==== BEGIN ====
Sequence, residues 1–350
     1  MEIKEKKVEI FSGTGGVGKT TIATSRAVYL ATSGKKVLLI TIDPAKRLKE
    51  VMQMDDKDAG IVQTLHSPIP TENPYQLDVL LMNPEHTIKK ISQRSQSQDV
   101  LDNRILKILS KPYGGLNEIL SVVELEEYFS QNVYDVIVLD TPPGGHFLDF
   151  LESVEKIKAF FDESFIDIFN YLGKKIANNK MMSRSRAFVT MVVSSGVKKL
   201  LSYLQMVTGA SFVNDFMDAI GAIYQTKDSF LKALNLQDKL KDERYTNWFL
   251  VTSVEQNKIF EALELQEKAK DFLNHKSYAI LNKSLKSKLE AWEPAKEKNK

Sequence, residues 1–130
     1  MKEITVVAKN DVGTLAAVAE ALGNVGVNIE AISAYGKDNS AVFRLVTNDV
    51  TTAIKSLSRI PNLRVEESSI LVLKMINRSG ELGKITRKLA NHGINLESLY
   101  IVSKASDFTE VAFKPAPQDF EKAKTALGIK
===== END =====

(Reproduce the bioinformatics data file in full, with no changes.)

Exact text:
Sequence, residues 1–350
     1  MEIKEKKVEI FSGTGGVGKT TIATSRAVYL ATSGKKVLLI TIDPAKRLKE
    51  VMQMDDKDAG IVQTLHSPIP TENPYQLDVL LMNPEHTIKK ISQRSQSQDV
   101  LDNRILKILS KPYGGLNEIL SVVELEEYFS QNVYDVIVLD TPPGGHFLDF
   151  LESVEKIKAF FDESFIDIFN YLGKKIANNK MMSRSRAFVT MVVSSGVKKL
   201  LSYLQMVTGA SFVNDFMDAI GAIYQTKDSF LKALNLQDKL KDERYTNWFL
   251  VTSVEQNKIF EALELQEKAK DFLNHKSYAI LNKSLKSKLE AWEPAKEKNK

Sequence, residues 1–130
     1  MKEITVVAKN DVGTLAAVAE ALGNVGVNIE AISAYGKDNS AVFRLVTNDV
    51  TTAIKSLSRI PNLRVEESSI LVLKMINRSG ELGKITRKLA NHGINLESLY
   101  IVSKASDFTE VAFKPAPQDF EKAKTALGIK